Last summer I had the privilege of traveling to China and Japan with my husband who attended an international conference. I felt compelled to share some of my impressions of the Japanese culture, as we Americans can learn much from their healthy, gentle, well-ordered customs.

Our time in Japan was limited to Tokyo, one of the most modern cities in the world. We toured the city and took the “bullet train”, traveling about 200 mph, up to Mount Fuji. We were able to view many smaller towns outside of Tokyo, taking a small boat trip and gondola ride up a mountain. The people were friendly, clean, and very polite in welcoming us Americans. I reflected back to the early 1940s and the conflict, violence, and disruption that both our countries experienced to now, nearly 80 years later, our allegiance.

During our travels, I was continually in awe of the health of this society, and its culture of rich traditions grounded in gentleness, respect, and yet mixed with futuristic technologies. The Japanese people are lean- walking or biking most everywhere (other than public transportation) and they seem to be a peaceful, well-ordered society, appreciating the rich traditions of their forefathers.

The Japanese faith has 3 religions: Shinto, Buddhism, and Christianity. We had the opportunity to visit both a Buddhist and Shinto temple. Both temples had many rooms of ornate, gold architecture and “gods” which they worship. Shinto is the indigenous and oldest faith of the Japanese, as old as Japan. This religion is deeply engrained in the Japanese culture. Religious preaching is not common though the Japanese architecture and pop culture tend to utilize Shinto philosophy for inspiration. Shinto is about kami or sacred spirits. These sacred spirits or gods take on many forms such as animals, plants, lakes, trees, and rivers. Shinto views humans as basically good kami and evil in the world as bad kami. The whole purpose of the Shinto religion is to keep evil spirits away. We took part in two “purifications”—one was a pool to drink from (or just wash ones hands) for the protection of your physical health. The other, a ritual we performed, was to protect and promote emotional health.   Shintologists worship and appreciate nature with the belief that carrying symbols for good fortune and good health will provide good luck to their family and friends. The Japanese are a superstitious culture with many ornate shrines for various kami that they worship. The shrines and temples certainly projected a calm, peaceful presence that is appreciated in Japan by natives and tourists alike.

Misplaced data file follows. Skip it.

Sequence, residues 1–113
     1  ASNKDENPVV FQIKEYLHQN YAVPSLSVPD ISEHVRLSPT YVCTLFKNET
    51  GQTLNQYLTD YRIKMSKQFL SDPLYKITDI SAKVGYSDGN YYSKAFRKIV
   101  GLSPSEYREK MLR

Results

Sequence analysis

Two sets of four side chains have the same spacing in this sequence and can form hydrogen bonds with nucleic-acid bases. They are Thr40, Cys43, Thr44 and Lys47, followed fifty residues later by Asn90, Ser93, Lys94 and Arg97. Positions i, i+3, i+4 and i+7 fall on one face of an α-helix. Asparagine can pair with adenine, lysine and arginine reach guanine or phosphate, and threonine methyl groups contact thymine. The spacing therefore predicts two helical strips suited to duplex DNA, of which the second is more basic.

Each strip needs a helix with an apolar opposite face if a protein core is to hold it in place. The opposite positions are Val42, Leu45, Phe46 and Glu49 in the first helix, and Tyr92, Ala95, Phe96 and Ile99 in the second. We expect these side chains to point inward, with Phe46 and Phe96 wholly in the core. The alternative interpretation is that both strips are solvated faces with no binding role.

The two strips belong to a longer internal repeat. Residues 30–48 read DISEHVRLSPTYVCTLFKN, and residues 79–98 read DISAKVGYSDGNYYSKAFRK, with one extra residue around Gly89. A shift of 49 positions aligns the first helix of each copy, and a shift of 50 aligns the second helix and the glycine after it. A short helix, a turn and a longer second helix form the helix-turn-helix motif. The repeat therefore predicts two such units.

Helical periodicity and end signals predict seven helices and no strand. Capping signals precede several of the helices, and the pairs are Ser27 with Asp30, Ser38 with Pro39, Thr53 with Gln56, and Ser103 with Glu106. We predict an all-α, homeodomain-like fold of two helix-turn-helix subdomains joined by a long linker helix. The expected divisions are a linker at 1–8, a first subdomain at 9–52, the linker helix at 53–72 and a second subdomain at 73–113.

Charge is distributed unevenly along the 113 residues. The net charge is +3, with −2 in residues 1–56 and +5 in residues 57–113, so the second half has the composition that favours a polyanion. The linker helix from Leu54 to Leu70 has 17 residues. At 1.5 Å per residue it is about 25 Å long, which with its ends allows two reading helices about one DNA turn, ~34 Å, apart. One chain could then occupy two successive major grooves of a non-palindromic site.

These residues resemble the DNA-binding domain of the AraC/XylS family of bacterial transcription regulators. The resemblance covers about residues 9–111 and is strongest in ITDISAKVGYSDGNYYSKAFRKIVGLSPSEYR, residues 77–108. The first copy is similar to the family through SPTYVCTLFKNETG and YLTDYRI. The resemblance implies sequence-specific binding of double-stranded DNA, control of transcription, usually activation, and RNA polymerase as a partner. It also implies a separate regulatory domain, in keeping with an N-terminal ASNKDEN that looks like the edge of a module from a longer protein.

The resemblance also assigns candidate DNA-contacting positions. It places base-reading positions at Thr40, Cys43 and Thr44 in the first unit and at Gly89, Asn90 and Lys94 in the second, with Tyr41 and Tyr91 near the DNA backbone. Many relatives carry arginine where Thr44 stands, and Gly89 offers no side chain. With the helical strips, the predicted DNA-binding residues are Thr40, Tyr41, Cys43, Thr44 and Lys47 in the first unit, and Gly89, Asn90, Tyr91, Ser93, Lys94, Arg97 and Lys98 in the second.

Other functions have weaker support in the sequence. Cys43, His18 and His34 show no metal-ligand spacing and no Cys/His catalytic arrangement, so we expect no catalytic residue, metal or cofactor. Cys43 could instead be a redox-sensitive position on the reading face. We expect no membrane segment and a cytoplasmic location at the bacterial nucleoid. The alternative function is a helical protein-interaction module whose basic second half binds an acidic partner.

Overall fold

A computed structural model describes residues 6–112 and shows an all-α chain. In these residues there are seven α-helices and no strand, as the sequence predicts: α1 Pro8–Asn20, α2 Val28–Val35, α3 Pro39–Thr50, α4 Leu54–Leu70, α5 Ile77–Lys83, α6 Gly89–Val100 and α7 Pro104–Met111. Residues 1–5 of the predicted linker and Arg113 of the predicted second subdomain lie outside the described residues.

It’s no surprise to me, after observing the way Japanese eat and take care of themselves, that they not only age well, but experience profound longevity with the average age of death being 87 for females and 84 for males. The Japanese elderly are held in high esteem and highly respected into their senior years- another custom, I believe contributing to healthy aging. A popular book, “Japanese Women Don’t Get Old”, identifies the value of healthy aging in Japan and mentions eating breakfast as a contributing factor as well. Breakfasts and dinners are very similar and usually include many cooked (not fried) vegetables, grilled fish, white (not brown) rice, sushi and fruits. It was very rare to see any native in the area of Tokyo we visited that would be considered overweight or obese. It was also rare to see fast food restaurants, although the “Golden Arches” were in both China and Japan. In Tokyo, “fast food” vendors consisted of mostly small, unrefrigerated carts on the streets or in the open-air store fronts, often with meats (hip bones, etc.), vegetables, and “dumpling” stands.

Healthy aging in Japan can be directly contributed to their lifestyle.  They enjoy healthy, lean, non-processed diets, daily physical activity, rituals of spirituality, and meditative habits. They maintain well-ordered lives and educate youth to value the wisdom of the elders, and focus on family life.  We Americans could re-visit these habits and learn from the Japanese.


Terry Polanin, MSN, APN

Family Nurse Practitioner